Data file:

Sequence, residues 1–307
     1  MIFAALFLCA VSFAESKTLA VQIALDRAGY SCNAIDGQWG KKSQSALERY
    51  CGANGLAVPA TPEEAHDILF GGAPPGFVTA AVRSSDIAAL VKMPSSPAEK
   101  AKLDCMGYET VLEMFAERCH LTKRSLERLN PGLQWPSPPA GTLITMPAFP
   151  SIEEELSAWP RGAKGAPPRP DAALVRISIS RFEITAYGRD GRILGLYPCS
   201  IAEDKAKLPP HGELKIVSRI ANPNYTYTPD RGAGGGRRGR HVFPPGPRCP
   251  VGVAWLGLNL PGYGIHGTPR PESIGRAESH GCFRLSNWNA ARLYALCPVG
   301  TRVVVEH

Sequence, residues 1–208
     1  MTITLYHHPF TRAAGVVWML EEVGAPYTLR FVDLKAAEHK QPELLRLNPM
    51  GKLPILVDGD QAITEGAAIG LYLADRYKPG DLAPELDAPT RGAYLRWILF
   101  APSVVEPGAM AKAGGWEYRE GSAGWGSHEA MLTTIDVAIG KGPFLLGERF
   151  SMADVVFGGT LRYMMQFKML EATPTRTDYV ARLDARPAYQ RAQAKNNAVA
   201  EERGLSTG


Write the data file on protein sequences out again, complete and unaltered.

Sequence, residues 1–307
     1  MIFAALFLCA VSFAESKTLA VQIALDRAGY SCNAIDGQWG KKSQSALERY
    51  CGANGLAVPA TPEEAHDILF GGAPPGFVTA AVRSSDIAAL VKMPSSPAEK
   101  AKLDCMGYET VLEMFAERCH LTKRSLERLN PGLQWPSPPA GTLITMPAFP
   151  SIEEELSAWP RGAKGAPPRP DAALVRISIS RFEITAYGRD GRILGLYPCS
   201  IAEDKAKLPP HGELKIVSRI ANPNYTYTPD RGAGGGRRGR HVFPPGPRCP
   251  VGVAWLGLNL PGYGIHGTPR PESIGRAESH GCFRLSNWNA ARLYALCPVG
   301  TRVVVEH

Sequence, residues 1–208
     1  MTITLYHHPF TRAAGVVWML EEVGAPYTLR FVDLKAAEHK QPELLRLNPM
    51  GKLPILVDGD QAITEGAAIG LYLADRYKPG DLAPELDAPT RGAYLRWILF
   101  APSVVEPGAM AKAGGWEYRE GSAGWGSHEA MLTTIDVAIG KGPFLLGERF
   151  SMADVVFGGT LRYMMQFKML EATPTRTDYV ARLDARPAYQ RAQAKNNAVA
   201  EERGLSTG